Overcoming Hurt

May 11, 2011 § 1 Comment

“We have been created for greater things, not just to be a number in the world, not just to go for diplomas and degrees, this work and that work. we have been created in order to love and to be loved.
” -Mother Teresa

How often do we compliment each other?

I mean really compliment. Deep compliments. Sincere. Spur of the moment. Unpetitioned. Maybe in a letter, an email, a text, a facebook post.

Probably not often enough.

But how often do we take them and remember them? Probably less often.

I spent last weekend with some of my high school friends and all of the mean things that girls said growing up came back to the surface. It was like a tidal wave on my already dilapidated confidence.

The “friend” who drew a picture of my zits in 6th grade and made fun of me because my shoes were from Payless. The girls who laughed that my nose would be bigger than Dallas when I was older because it was so big in 7th grade. The girl who told my date for an 8th grade dance that I didn’t want to go with him so that he would uninvite me. The girls that insisted my first boyfriend only wanted to “get some” (high school freshman terms) and he only danced with me because he was drunk. He couldn’t really be interested. (We dated for a year and a half from age 15-17.) The friends who put me down in front of the more popular, pretty girls so that they looked even cooler all through high school. The girls who told me my feet were so ugly that it would be a terrible freshman initiation for the girls on the basketball team to make them think they’d kissed them. The girls who told me I was “like twice [their] size.”

The list goes on and on and on.

Why do I remember these things? Why do they still hurt? Why do I still feel insignificant when I’m around these girls?

The funny thing is, is that after the hurtful things were said or done, somehow, it negates every nice thing that person says after that. Somewhere in my mind, I feel like people only mean the hurtful words. The kind words, the compliments are meaningless. Meant only as white lies.

Part of that is likely because of my family’s belief in brutal honesty. I love it because we know that we say what we do out of love. Yes, its often said in a way that comes across unnecessarily hurtful, but they love me anyway. So we say that an outfit isn’t flattering, or admit “yeah, you gained a little weight,” or tell each other we should opt for the apple instead of the cookie. I grew up in a family that said things that many would consider hurtful, in a way that was meant to help and backed by love. But with that background, a background of sincerity in criticism, I took all of the things everyone said seriously. Never able to blow them off as just girls being mean.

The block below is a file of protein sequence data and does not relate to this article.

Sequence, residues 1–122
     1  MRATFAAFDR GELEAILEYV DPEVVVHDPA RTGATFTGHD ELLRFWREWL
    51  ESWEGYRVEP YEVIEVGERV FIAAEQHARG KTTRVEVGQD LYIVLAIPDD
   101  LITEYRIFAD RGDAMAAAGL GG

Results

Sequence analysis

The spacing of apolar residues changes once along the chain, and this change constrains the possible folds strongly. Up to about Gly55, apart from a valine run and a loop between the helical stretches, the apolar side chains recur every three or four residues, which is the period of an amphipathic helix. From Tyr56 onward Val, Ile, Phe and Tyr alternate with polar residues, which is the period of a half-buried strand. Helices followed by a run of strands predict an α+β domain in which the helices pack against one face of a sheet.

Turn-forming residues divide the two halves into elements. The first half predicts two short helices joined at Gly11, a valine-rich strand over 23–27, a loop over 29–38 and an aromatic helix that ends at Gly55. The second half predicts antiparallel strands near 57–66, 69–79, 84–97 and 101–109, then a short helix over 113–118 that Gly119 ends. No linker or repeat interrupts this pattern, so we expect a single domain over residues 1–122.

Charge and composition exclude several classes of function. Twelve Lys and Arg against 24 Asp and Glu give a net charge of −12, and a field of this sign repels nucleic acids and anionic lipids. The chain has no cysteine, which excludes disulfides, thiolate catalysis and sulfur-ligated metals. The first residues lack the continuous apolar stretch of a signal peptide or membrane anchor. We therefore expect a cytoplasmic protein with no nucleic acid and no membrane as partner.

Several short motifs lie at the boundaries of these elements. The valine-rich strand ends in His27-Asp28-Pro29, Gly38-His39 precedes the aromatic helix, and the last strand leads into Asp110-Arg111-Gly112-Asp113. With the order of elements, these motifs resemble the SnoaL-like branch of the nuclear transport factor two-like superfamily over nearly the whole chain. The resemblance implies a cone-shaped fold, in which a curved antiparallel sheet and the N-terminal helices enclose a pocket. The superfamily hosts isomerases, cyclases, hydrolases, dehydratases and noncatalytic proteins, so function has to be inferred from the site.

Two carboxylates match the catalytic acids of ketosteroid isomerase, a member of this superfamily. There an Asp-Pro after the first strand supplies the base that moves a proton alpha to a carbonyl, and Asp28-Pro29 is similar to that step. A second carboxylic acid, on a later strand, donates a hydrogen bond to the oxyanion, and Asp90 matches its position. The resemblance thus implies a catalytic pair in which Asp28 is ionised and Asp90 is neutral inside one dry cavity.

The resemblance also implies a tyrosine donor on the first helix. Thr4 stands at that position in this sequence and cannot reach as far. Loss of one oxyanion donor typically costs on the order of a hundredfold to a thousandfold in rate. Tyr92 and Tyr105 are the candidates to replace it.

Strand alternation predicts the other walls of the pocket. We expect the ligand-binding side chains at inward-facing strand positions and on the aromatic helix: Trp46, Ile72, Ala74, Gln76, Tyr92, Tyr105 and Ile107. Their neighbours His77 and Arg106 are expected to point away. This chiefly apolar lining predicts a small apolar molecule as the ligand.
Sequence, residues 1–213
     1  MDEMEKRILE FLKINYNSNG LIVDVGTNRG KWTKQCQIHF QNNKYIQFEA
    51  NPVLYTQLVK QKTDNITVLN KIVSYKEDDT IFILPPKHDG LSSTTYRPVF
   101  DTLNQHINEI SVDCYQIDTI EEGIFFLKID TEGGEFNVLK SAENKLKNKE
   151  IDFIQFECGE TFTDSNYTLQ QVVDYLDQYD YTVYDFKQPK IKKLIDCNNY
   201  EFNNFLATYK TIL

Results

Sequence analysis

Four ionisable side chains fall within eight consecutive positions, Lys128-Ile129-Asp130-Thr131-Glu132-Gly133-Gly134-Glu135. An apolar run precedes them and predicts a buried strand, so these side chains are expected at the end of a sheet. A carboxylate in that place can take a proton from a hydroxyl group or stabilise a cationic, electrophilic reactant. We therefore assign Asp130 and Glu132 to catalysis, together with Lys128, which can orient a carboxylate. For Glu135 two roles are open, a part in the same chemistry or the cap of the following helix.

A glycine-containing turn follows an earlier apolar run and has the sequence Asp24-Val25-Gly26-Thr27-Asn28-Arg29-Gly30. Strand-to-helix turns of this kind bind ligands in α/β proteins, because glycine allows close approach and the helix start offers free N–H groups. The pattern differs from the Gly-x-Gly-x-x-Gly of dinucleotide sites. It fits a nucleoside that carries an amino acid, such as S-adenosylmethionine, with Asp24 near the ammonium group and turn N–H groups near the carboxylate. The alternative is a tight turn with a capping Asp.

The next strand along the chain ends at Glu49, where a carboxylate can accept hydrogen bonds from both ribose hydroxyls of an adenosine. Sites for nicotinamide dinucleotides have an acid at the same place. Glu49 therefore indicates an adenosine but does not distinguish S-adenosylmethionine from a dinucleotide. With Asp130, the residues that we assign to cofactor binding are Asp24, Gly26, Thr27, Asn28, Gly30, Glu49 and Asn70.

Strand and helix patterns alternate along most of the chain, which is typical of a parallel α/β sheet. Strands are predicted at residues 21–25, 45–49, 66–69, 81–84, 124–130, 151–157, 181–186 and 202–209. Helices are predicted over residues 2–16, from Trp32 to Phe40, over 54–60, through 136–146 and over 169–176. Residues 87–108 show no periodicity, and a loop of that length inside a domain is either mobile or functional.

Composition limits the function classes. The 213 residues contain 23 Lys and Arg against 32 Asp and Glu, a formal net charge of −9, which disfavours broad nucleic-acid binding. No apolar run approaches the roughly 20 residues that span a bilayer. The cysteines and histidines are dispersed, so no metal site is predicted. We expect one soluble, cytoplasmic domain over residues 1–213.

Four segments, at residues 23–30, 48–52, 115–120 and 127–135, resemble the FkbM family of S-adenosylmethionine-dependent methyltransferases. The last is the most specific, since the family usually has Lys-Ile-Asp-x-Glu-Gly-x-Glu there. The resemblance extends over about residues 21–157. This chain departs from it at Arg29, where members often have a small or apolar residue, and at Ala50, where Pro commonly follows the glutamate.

And so even when they’re corrected, the words hurt. They sting. They leave scars on my soul and bruises on my heart.

More than 10 years later, I still feel insignificant. Unwanted. Ugly.

Its these feelings that lead to my not eating through an intense basketball season and volleyball season in high school and getting up early to work out extra. Its this hurt that lead to the subsequent binge eating that packed on at least 40 pounds. Its these feelings that still lead me to pints of ice cream and bottles of wine when I feel upset. Overcoming these feelings will help me stop abusing myself through the cycles of eating, and not eating.

How do I overcome this? How do I foster enough self-love that what they thought, or still think, doesn’t matter?

I’ve decided I should write down the compliments. I need to reread them when I feel unwanted. I need to love myself. I need to compliment myself. Sincerely. Maybe if I reflect on the good things that others see in me, focus on the good things they say instead of the bad, I can learn to appreciate these things in myself; value you myself and treasure myself.

I need to discover reasons to love myself. When I get down my best friend makes me find at least one thing and say it out loud. I love her for this.

Even more, I need to notice the beauty in my friends and the people around me. Send them letters, emails, texts just to let them know.

Why aren’t girls uplifting, encouraging, inspiring. Perhaps if we noticed the beauty in ourselves we wouldn’t need to put others down to make ourselves feel better.

I found Operation Beautiful. I realized that I’m not alone in this. And as I read stories that others have posted, I notice how beautiful these girls are. Every one of them.

I realize that I love the shape of my eyes and the fact that I have 2 dimples on one cheek. I love that my body carried me through a half marathon, a duathlon. I love that I really am a pretty good cook. I love hair. My skin that tans easily. And the smile on my face that I just can’t get rid of…not that I really want to try to lose it.

I love myself. I will overcome the hurt that has been left from years of holding on to all of the mean things that girls have said.

An Operation Beautiful note.

What do you do to overcome the hurt? To love yourself?


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§ One Response to Overcoming Hurt

  • Great post. and good point. We always remember the negative, but it’s much harder to remember the positive. Operation Beautiful is so simple yet so life changing. I am going to try to give someone a sincere compliment in each of my meetings at work today.

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